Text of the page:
It has been well established that coupling between TLRs and MyD88 initiates innate immunity in several types of peripheral cells and is also involved in the hypothalamic inflammatory responses linked to metabolic disorders [17, 18, 27]. To determine the effect of astrocyte MyD88 on HFD-induced astrogliosis and inflammation in the hypothalamus, we generated tamoxifen-inducible Myd88 gene KO specifically in GFAP-positive cells (Myd88ΔGFAP). More than 83% of Myd88 mRNA expression was eliminated in the hypothalamic astrocytes of Myd88ΔGFAP;Rpl22HA mice, compared with that in the hypothalamic astrocytes of control Gfap-Cre;Rpl22HA mice, as shown by a real-time PCR analysis of Ribo-Tag-purified mRNA (Fig. 2b).

Fig. 2

HFD-induced hypothalamic reactive gliosis is reduced by astrocyte-specific Myd88 KO. a Diagram depicts the experimental design. TMX, tamoxifen. B/W, body weight. IHC, immunohistochemistry. b The expression of Myd88 mRNA was determined using a real-time PCR analysis with RNA samples immunoprecipitated with HA antibody from hypothalamic extracts of Myd88GFAP;Rpl22HA mice that were generated by cross-breeding astrocyte-specific Myd88 KO mice (Myd88GFAP) with transgenic mice (Rpl22HA) expressing HA-tagged Rpl22. Gfap-Cre;Rpl22HA mice were used as the control (n = 4–5/group). ci Control (Myd88fl/fl) mice and Myd88GFAP mice were fed a STD or HFD for 16 weeks, and their astrocytes and microglia in the hypothalamic ARC were analyzed with immunohistochemistry using GFAP and Iba1 antibodies. Representative images (c, f) and calculated data (d, e, g, h, i) show the effect of astrocyte-specific Myd88 KO (Myd88GFAP) on the HFD-induced increase in the number and intensity of GFAP-positive cells (ce) and Iba1-positive cells (fh), and the size of Iba1-positive cells (i) in the ARC compared with the control Myd88fl/fl mice (n=3–6 sections of 3–6 mice/group). j, k Representative images (j) and calculated data (k) indicate HFD-induced BrdU and Iba1 double-positive cells in the ARC of Myd88GFAP mice and control Myd88fl/fl mice after HFD feeding for 8 weeks. White arrows indicate cells double positive for Iba1 and BrdU (n = 6 sections of 3 mice/group). l Real-time PCR analysis of RNA samples shows the expression of Gfap, Iba1, Tnf-α, Il-1β, Il-6, and Il-10 in the hypothalamus of Myd88GFAP mice and control Myd88fl/fl mice after HFD feeding for 16 weeks (n = 3/group). m Hypothalamic expression of Tnf-α, Il-1β, Il-6, and Il-10 was determined using a real-time PCR analysis of RNA samples (immunoprecipitated with HA antibody) from hypothalamic extracts of Myd88GFAP;Rpl22HA mice and control Gfap-Cre;Rpl22HA mice after HFD feeding for 16 weeks (n = 3–4/group). Data are presented as mean ± SEM. *p < 0.05, **p < 0.01, ***p < 0.001, and ****p < 0.0001. ns, not significant. Scale bar = 100 μm (20 μm for higher magnification view in insets)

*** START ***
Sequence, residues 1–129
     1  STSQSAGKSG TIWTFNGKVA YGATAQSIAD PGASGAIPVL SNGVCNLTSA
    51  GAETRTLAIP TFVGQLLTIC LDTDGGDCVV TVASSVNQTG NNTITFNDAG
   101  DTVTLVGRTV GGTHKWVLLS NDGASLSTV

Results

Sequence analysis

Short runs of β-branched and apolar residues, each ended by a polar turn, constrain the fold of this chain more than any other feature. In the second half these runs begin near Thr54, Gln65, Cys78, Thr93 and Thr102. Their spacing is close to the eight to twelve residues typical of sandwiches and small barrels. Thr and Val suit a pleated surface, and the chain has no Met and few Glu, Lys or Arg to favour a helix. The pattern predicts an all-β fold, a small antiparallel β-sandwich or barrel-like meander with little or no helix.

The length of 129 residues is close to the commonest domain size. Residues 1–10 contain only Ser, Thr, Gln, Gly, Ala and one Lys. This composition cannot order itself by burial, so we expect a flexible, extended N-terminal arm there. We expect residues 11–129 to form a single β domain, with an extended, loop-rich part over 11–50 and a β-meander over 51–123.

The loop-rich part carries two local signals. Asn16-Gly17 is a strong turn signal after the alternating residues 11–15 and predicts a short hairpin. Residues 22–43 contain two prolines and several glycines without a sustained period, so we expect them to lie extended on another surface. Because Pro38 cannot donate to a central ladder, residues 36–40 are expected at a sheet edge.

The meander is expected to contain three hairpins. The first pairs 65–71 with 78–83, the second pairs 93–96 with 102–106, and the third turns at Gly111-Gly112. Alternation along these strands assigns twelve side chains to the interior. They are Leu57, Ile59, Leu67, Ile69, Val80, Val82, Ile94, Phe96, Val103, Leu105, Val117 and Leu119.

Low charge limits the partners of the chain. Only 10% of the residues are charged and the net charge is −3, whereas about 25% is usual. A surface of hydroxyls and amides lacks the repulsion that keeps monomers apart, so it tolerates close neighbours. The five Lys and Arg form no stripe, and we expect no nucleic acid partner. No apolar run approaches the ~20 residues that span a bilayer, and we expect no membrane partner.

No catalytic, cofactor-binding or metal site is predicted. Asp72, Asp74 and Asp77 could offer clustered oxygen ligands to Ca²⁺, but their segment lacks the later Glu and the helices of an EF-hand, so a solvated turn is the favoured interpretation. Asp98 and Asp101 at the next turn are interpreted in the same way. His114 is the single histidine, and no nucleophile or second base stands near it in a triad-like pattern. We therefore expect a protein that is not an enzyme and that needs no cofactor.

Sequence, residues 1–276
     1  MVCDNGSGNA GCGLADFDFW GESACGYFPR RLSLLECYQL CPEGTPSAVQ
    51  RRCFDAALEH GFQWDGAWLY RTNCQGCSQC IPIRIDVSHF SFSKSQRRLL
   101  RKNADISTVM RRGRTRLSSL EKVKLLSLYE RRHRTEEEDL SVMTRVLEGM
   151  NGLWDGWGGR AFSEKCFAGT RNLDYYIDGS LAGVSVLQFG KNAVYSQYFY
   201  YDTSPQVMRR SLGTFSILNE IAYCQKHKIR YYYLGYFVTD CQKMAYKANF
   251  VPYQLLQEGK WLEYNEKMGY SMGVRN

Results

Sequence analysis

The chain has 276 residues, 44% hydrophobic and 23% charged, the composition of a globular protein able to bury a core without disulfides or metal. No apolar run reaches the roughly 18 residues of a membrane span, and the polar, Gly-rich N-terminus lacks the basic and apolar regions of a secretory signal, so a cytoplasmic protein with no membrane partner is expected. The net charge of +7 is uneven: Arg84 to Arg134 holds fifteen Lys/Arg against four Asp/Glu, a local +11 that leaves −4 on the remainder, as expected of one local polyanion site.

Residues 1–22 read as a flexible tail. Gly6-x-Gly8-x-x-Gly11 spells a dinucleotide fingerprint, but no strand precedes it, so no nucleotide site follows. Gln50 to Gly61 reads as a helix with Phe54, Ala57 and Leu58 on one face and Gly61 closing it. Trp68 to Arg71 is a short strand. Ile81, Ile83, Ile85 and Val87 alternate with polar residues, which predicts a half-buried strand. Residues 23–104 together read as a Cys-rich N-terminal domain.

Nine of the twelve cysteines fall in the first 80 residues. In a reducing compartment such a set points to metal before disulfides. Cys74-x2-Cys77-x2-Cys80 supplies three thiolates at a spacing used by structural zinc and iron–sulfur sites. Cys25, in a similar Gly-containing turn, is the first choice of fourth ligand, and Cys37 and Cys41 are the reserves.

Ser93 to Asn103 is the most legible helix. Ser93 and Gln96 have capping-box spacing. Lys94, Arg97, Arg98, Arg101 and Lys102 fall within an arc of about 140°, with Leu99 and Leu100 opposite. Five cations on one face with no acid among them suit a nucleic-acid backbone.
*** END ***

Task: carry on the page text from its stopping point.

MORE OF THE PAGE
Next, we measured the effect of this conditional Myd88 KO on HFD-induced astrogliosis in the hypothalamic ARC by counting GFAP-immuno-positive signals (Fig. 2c). The HFD-induced increase in the number and intensity of GFAP-positive cells was completely offset by Myd88 KO in astrocytes (Fig. 2d, e), suggesting the importance of MyD88 signaling in HFD-induced astrogliosis. The astrocyte-specific Myd88 KO also inhibited the HFD-induced increase in the number, intensity, and size of Iba1-positive cells in the hypothalamic ARC (Fig. 2f–i). Furthermore, the Myd88 KO resulted in a decreased number of HFD-induced Iba1-positive cells that were incorporated with BrdU (Fig. 2j, k). These results suggested that astrocyte MyD88 signaling also participates in HFD-induced microglial proliferation and activation. Consistent with the decrease in HFD-induced astrogliosis in the mutant animals, astrocyte-specific Myd88 KO decreased the HFD-induced mRNA expression of Gfap, Iba1, and proinflammatory cytokines in the hypothalamus (Fig. 2l). Real-time PCR analyses of hypothalamic mRNA purified with the Ribo-Tag system showed that astrocyte-specific Myd88 KO decreased HFD-induced expression of proinflammatory cytokines Tnf-α and Il-1β, but did not significantly affect the HFD-induced anti-inflammatory cytokines in the hypothalamic astrocytes (Fig. 2m).

Astrocyte-specific Myd88 KO affected hypothalamic gliosis triggered by palmitic acid

Because elevated levels of circulating sFFAs can cause hypothalamic reactive gliosis that is accompanied by inflammatory responses during over-nutrition [26, 28, 29], we next determined the effect of astrocyte-specific Myd88 KO on the hypothalamic astrogliosis induced by the administration of palmitic acid, an sFFA. Palmitic acid induced an increase in the number and intensity of GFAP-positive astrocytes in the hypothalamic ARC, which was attenuated by Myd88 KO in the astrocytes (Fig. 3a–c). Interestingly, astrocyte-specific Myd88 KO also caused a similar effect on palmitic acid–induced increase in the number and intensity of Iba1-positive microglia (Fig. 3d–f). Taken together, the current findings suggest that MyD88 signaling is a crucial molecular mediator of the hypothalamic gliosis induced by an elevation in circulating sFFAs.